Critics contend that without the Soviet threat, the United States needs far fewer of these submarines. In reality, however, the shrinking fleet is consistently given more missions. Moreover, submarine technology is proliferating at an alarming rate to developing countries such as North Korea and Iran. It is essential that the United States continue to field and modernize a fleet of attack submarines that meets security requirements in this post-Cold War environment.
Provide the funding necessary to increase production of the new Virginia-class submarines. The sustained health of the SSN submarine fleet requires a long-term commitment to build more Virginia-class submarines. Each new attack submarine costs around $1.7 billion. A substantial increase in spending will be required because the many submarines built in the late 1970s and 1980s will retire at the same rate at which they were procured. The U.S. Navy should plan to build two submarines per year until 2005 and then increase production to three to four submarines per year until 2019. Such a ramped-up production schedule is necessary to avoid a dramatic decline in fleet structure in the 2020s. Congress should commit to funding the production of 56 Virginia-class submarines, with the last one coming on line in 2025.16
Provide funding to refuel the seven Los Angeles-class submarines scheduled for decommissioning. Seven Los Angeles-class submarines are scheduled for decommissioning before the end of their useful lives. Refueling them would help to alleviate the short-term pressures on the SSN fleet. At a cost of $200 million per submarine, such refueling would add, on average, an additional 12 years of service life to each one.
The total cost of these recommendations, spread over 25 years, would be about $4.4 billion per year. This is about $2.5 billion to $3 billion more than the Navy would have spent producing one to two submarines per year over that period of time; it also is less than the United States will provide in assistance to foreign militaries next year alone.17
Many of America's adversaries are gaining access to modern submarine technology, advanced reconnaissance capabilities, satellites, precision munitions, and ballistic and cruise missiles; none of them, however, has the ability to detect submarines or defend against them. In this dangerous world, the value of America's SSN attack submarine fleet cannot be overestimated. Although other naval platforms can perform some of the SSN's functions, none can perform them all. More important, none can perform them undetected. This is what makes the attack submarine the "crown jewel" in the U.S. arsenal.18
To meet the security needs of the next few decades, the U.S. Navy should have a submarine fleet that features 70 attack submarines in the near future and as many as 80 by 2025. Because it takes six years to build each SSN, and because the effort will require a highly skilled labor force, the process must begin soon. By refueling the Los Angeles-class submarines that are scheduled to be decommissioned and by funding the cruise missile submarine conversion project, Congress can spread the cost of building an adequate SSN fleet over the next few decades.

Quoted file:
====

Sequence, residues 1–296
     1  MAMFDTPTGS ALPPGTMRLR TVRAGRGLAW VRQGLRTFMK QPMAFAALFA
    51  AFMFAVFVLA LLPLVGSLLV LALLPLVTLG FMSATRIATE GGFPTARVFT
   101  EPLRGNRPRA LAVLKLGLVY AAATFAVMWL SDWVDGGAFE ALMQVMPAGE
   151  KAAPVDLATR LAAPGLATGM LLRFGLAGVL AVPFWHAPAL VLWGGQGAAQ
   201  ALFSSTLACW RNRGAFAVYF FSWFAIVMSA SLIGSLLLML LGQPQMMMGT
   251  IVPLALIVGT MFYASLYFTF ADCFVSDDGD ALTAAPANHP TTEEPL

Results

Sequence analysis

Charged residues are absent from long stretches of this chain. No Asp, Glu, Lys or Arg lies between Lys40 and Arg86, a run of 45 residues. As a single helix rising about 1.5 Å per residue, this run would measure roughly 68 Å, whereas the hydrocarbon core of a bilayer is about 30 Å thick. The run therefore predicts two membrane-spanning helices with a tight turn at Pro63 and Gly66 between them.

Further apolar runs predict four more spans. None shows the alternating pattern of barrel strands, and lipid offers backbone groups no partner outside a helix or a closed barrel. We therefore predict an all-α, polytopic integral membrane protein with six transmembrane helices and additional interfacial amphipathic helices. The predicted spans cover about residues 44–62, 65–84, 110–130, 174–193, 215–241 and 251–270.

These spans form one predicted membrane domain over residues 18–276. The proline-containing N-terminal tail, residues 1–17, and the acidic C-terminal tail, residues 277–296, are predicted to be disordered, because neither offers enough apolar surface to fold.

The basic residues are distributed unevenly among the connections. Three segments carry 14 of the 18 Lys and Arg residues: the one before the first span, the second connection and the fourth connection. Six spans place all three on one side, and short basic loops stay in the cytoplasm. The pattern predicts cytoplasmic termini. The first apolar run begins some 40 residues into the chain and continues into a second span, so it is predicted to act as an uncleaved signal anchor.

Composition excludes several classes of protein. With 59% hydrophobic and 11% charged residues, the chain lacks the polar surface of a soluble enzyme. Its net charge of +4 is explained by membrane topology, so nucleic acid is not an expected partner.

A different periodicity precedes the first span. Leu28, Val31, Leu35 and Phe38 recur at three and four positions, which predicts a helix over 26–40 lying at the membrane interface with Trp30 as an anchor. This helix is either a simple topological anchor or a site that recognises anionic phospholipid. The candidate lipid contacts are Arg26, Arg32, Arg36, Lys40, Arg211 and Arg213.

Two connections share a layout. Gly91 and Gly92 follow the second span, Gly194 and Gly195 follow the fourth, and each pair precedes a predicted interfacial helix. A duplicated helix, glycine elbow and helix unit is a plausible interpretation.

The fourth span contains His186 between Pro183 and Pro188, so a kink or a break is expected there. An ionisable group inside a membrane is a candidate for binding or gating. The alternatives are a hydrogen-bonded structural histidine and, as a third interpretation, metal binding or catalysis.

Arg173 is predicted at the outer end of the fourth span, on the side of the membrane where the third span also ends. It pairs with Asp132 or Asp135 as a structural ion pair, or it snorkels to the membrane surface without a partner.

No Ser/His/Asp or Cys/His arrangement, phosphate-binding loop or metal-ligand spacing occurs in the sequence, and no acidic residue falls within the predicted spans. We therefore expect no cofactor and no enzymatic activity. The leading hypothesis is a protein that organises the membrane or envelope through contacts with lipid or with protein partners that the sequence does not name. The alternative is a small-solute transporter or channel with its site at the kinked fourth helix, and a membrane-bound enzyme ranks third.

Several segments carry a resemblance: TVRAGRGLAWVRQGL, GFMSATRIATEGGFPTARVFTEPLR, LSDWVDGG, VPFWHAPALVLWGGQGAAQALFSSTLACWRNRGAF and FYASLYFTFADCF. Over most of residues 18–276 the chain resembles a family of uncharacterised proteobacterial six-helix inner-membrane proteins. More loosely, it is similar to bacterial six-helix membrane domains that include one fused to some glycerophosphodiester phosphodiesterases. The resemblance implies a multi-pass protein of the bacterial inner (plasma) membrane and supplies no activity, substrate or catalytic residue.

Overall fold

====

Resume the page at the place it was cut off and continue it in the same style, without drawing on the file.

As more and more developing countries and rogue states gain access to more precise weaponry, ballistic missiles, and weapons of mass destruction, the Administration's efforts to cut the attack submarine fleet make little sense. Congress must take steps to ensure that America's high level of force projection is not undermined by efforts to deplete the military's store of this vital asset.
Jack Spencer is Policy Analyst for Defense and National Security in the Kathryn and Shelby Cullom Davis Institute for International Studies at The Heritage Foundation.
1. Joint Chiefs of Staff, "Unclassified Release of the 1999 CJCS Attack Submarine Study," February 7, 2000, by memorandum, February 9, 2000; U.S. Department of Defense, Office of the Under Secretary of Defense for Acquisition and Technology, "Report of the Defense Science Board Task Force on Submarine of the Future," July 1998.
9. Prepared testimony of Rear Admiral Malcolm Fages, U.S. Navy, Director, Submarine Warfare Division, Office of the Chief of Naval Operations, before the Seapower Subcommittee on Submarine Warfare Systems, Committee on Armed Services, U.S. Senate, 106th Cong., 2nd Sess., March 23, 2000.
14. The Report of the Quadrennial Defense Review, May 1997, sets a goal of 50 attack submarines eventually and 52 by 2003. The Quadrennial Defense Review can be accessed on the Internet at http://www.defenselink.mil/pubs/qdr. The Joint Chiefs of Staff released an unclassified "Information Paper" summarizing the key points of the 1999 CJCS Attack Submarine Study on February 7, 1999.
16. The U.S. Navy plans to build around 30 Virginia-class submarines; but as the Defense Science Board indicates, given budget projections, this number of new subs is unlikely under current conditions.
17. See "Congressional Budget Justification for Foreign Operations, Fiscal Year 2001," at http://www.state.gov/www/budget/fy2001/fn150/forops_full/150fy01_fo_tbl-detail.html.